Stakes vs Odds

Randomness in games is often interpreted as unfair by players, and in turn statisticians and game designers will often insist that the game's random number generation is perfectly fair: any player is of course going to experience streaks of bad luck, but also of good luck that they really don't appreciate enough.

I don't think players are reacting to the odds, in most cases. I think they're reacting to the stakes.

50-50 stakes (Winning equals 50 gained, losing equals 50 lost) paired with 50-50 odds (50% of the time you win, 50% of the time you lose) is exactly even and fair: you'll see streaks of wins and streaks of losses, but in the aggregate the net result of 50-50 stakes paired with 50-50 odds is that no change occurs. Someone who bets an infinite number of times with such stakes and odds will average having no change occur to their value.

I'm using this as a baseline definition of fair randomness.

People defending randomness in a game are, in every case I've seen, taking the interpretation that player complaints are focused on the odds. The usual thing is that when the game says 50-50 odds, the defenders think players believe it doesn't actually give the player a win 50% of the time, but rather 25% of the time, or some other rate below 50%.

Most games are, indeed, fair by this definition: the odds they give are the odds they mean, or something sufficiently close that it's essentially indistinguishable, regardless of whether those odds are being calculated for the player's benefit or the AI's benefit.

However, this ignores the consideration of stakes: for 50-50 odds to actually be equal and fair to the player, it needs to be tied to 50-50 stakes, and most games are not designed with equal stakes between the player and their opposition, particularly not the games that provoke player ire.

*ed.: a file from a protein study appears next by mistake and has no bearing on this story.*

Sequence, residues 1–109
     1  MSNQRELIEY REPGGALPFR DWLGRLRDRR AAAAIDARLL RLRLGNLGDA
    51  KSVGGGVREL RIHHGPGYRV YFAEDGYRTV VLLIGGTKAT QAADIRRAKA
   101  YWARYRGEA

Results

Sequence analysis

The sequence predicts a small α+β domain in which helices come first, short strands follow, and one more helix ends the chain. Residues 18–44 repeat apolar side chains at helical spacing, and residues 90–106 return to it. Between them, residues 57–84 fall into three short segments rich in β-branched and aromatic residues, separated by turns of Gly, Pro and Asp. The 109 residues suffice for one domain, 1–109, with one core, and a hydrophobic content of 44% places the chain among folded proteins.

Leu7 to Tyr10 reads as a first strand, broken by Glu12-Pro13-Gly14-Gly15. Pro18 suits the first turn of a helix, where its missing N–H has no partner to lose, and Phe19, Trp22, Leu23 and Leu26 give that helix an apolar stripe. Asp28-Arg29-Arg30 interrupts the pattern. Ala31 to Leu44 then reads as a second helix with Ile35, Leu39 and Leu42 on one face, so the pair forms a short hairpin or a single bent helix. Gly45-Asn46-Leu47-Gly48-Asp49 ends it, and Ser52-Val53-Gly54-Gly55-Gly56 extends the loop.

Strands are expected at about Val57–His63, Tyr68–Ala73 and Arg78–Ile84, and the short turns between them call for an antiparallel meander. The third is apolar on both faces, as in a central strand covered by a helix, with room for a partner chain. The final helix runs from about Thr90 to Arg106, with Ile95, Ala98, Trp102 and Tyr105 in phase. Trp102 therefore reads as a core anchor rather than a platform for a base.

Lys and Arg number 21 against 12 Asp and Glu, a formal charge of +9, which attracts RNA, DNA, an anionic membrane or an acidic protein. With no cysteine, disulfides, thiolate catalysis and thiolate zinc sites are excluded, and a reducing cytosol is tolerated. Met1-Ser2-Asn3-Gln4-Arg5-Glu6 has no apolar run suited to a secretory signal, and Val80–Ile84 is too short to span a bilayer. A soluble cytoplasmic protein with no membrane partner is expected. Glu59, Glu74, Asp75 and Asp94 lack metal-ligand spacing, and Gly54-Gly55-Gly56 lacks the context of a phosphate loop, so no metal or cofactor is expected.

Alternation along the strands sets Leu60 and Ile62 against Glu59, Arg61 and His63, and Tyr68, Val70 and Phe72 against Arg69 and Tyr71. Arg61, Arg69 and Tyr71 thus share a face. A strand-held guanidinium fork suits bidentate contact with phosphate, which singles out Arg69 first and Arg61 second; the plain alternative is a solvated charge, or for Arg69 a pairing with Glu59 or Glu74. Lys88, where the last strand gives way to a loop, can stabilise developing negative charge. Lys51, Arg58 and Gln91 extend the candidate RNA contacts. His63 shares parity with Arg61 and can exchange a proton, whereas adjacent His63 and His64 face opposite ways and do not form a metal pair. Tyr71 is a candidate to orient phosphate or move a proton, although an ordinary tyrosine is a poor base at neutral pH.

Specifically? The player stands to lose a lot more from bad luck than they stand to gain from good luck.

A reasonably straightforward example is the original X-COM, because both the player's forces and the aliens they are fighting grow stronger and wield more powerful weaponry over the course of the game, which sounds equivalent and thus fair. Indeed, all the gear the aliens get the player can acquire, and several special abilities the aliens have will also eventually become accessible to the player.

However, when a player unit dies, all the statistical improvements the soldier has acquired over the course of their career are lost as well as the armor they were wearing being destroyed, with the player having to hire a replacement soldier who starts out nearly useless, and then the player has to expend resources on replacement armor if the dead soldier was wearing armor. This is a setback that affects the player for the foreseeable future, potentially substantially if the soldier was at the upper limits of quality.

Conversely, the alien forces the player faces are completely unaffected by the loss of units, past the mission itself. Even killing rare, supposedly important aliens of the Commander rank has no affect beyond the mission it's in: the alien invasion doesn't start coming apart if the player punches enough holes in their leadership.

So if the player kills a bunch of dangerous aliens yet suffers egregious casualties in the process, the player suffers a huge setback in performance while the aliens simply ship out another batch just fine. If the player flees a mission having killed no aliens but having lost no troops, that also has no effect on the aliens: the fact that they didn't lose soldiers doesn't mean they have more available for later than they would if the player wiped them all out, for example.

In fact, in a later X-COM game -Apocalypse- killing enemies and achieving important objectives raises the player's score, and aliens respond to the player's score rising by sending out more dangerous aliens and equipping some of their less dangerous aliens with better gear!